Flash Physics is our daily pick of the latest need-to-know developments from the global physics community selected by Physics World's team of editors and reporters
Fukushima too radioactive even for robots
Better robots are needed for investigating the Fukushima Daiichi nuclear plant after current designs failed due to radiation levels and debris obstacles. At a recent news conference, president of Fukushima Daiichi decommissioning, Naohiro Masuda, spoke about the need for more creative robot design after repeated failures. In 2011, multiple reactors at the Fukushima nuclear plant went into meltdown after a severe earthquake and tsunami. To safely decommission the damaged plant, its operator Tokyo Electric Power Company (TEPCO) must know exactly where the melted fuel is and the extent of structural damage to the surrounding buildings. The radiation levels, however, would kill a human within seconds, so TEPCO is reliant upon remote-controlled robotic probes. Yet early robots have come across unexpected challenges. In February, TEPCO sent in two robots to investigate the damaged reactor inside Unit 2 of the facility. The first was a cleaner robot designed to clear the way for the other “scorpion” robot that would assess damage and measure radiation and temperature. Unfortunately, the cleaning robot had to be withdrawn after only 2 hours of the planned 10 hour mission because the cameras began to malfunction due to high radiation levels. The scorpion-shaped robot then had to be abandoned before reaching its target location because it began to have difficulty moving and became stuck when crawling over rubble. It is unclear if this failure was due to debris or radiation levels. The Associated Press reports that Masuda called for more creative thinking when developing future robots. “We should think out of the box so we can examine the bottom of the core and how melted fuel debris spread out,” explains Masuda. The data collected and the robot failures imply that the clean-up and decommissioning of Fukushima will be more challenging than previously predicted. It is thought that the process will take decades to complete.
IBM to build 50 qubit quantum computers
IBM says it will build a new generation of universal quantum computers that will be available for commercial use via the IBM Cloud platform. The IBM Q systems will have about 50 quantum bits (qubits). This will make them 10 times larger than IBM’s five-bit quantum computer, which is already available on IBM Cloud and has attracted about 40,000 users. According to the US-based firm, increasing the number of qubits will be one step towards boosting the “quantum volume” – or computing power – of their quantum systems. Efforts will also focus on improving connectivity between qubits, boosting the reliability of quantum-logic operations and creating systems that are capable of highly parallel computations. The universal nature of the proposed computer should make it useful for solving a range of problems that are too complex for conventional computers. These include calculating the properties of molecules used to create new drugs and materials, finding optimal processes for supply chains and logistics and creating artificial intelligence systems. “To create knowledge from much greater depths of complexity, we need a quantum computer,” says Tom Rosamilia of IBM Systems. “We envision IBM Q systems working in concert with our portfolio of classical high-performance systems to address problems that are currently unsolvable, but hold tremendous untapped value.”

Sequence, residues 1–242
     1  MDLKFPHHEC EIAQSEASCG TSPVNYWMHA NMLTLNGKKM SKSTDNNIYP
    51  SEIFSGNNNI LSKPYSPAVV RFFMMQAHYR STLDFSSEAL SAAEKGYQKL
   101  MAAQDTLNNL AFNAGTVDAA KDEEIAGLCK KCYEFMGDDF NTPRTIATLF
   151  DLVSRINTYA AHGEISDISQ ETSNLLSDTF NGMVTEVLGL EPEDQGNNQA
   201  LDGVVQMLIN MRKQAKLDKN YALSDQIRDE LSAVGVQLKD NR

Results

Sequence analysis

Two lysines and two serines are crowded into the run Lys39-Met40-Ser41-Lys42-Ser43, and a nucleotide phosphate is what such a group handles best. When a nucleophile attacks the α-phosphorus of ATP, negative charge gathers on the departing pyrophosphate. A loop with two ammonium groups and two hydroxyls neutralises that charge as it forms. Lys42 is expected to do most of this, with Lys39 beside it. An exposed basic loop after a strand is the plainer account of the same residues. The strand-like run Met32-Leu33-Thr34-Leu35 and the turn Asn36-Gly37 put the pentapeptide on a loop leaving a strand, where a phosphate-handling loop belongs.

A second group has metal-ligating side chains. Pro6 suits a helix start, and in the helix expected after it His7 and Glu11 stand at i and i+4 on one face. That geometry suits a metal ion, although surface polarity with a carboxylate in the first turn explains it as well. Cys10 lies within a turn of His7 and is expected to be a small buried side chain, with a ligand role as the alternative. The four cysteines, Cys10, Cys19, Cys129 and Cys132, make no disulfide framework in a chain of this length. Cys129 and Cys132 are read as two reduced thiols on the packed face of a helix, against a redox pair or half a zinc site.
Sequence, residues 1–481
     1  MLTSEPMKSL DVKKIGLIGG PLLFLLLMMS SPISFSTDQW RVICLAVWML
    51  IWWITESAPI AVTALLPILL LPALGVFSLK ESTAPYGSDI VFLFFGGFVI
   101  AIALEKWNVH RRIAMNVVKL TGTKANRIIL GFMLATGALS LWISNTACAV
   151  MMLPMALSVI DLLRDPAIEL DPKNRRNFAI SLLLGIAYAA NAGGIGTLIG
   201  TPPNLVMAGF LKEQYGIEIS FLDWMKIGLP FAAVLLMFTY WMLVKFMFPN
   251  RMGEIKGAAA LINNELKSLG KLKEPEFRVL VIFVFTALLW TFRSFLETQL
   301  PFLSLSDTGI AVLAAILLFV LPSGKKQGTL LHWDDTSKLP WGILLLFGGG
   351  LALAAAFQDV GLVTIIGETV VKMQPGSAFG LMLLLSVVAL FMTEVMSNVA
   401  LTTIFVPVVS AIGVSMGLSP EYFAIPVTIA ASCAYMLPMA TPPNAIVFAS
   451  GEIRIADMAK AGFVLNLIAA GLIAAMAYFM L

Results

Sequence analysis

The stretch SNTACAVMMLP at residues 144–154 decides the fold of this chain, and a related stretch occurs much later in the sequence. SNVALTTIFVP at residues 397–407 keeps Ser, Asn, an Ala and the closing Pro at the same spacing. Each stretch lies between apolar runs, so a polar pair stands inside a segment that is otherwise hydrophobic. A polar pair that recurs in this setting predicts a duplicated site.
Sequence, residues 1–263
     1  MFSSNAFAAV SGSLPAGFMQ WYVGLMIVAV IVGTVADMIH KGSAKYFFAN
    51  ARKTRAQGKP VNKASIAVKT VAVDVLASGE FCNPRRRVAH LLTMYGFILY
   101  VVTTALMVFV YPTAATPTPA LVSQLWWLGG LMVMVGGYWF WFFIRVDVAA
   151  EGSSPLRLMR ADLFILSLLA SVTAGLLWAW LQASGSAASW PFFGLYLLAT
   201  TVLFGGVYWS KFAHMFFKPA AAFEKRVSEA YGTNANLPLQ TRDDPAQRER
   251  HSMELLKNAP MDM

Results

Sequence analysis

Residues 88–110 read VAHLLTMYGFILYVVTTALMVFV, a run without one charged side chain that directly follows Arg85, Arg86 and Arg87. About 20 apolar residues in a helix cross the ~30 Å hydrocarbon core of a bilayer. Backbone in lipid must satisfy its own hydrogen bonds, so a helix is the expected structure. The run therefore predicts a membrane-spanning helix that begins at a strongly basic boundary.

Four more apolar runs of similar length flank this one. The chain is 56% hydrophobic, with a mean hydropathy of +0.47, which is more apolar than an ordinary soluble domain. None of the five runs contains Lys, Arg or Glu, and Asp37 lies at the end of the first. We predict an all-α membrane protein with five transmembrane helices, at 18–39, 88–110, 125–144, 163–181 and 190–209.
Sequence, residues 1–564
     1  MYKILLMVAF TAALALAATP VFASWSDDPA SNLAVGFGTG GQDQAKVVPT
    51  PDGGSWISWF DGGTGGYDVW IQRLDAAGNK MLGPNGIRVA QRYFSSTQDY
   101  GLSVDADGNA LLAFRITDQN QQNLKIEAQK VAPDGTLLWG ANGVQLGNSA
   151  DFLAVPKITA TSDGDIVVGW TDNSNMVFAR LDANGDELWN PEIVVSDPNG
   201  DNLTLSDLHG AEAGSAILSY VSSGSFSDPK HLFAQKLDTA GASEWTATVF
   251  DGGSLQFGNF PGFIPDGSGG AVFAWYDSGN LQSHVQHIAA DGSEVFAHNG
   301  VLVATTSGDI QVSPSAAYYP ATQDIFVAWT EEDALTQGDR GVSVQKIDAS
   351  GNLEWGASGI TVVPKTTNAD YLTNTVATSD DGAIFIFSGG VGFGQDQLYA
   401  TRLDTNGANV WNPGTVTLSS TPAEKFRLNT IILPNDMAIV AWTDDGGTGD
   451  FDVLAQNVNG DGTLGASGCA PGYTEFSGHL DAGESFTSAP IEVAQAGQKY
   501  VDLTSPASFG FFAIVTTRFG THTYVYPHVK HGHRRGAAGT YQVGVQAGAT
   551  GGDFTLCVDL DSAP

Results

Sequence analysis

Very few photons needed to see through opaque material
An optical image of a region within a nearly opaque medium can be obtained using a surprisingly small number of photons. That is the conclusion of Mooseok Jang and Changhuei Yang at Caltech in the US and Ivo Vellekoop of the University of Twente in the Netherlands, who have shown that an established technique called optical phase conjugation (OPC) can be extended for use when very little light makes it out of the medium. OPC involves illuminating a point of interest in a nearly opaque medium with light beams from opposite directions. The first beam provides information about how light is scattered in the medium. This information is then used to cause the second beam to undergo the exact reverse scattering as it travels to the point of interest – illuminating that point. By scanning the beams around the sample, an image is built up. However, in very opaque materials scientists had thought that not enough light emerges to provide useful information about the scattering. Applying the technique to a sample of highly opaque opal, the trio showed that it worked when as few as 1000 photons were detected emerging from the sample – which is far fewer than the number of pixels in the detector used to measure the signal. The discovery is reported in Physical Review Letters and could be used to improve the optical imaging of opaque biological tissues such as brain matter.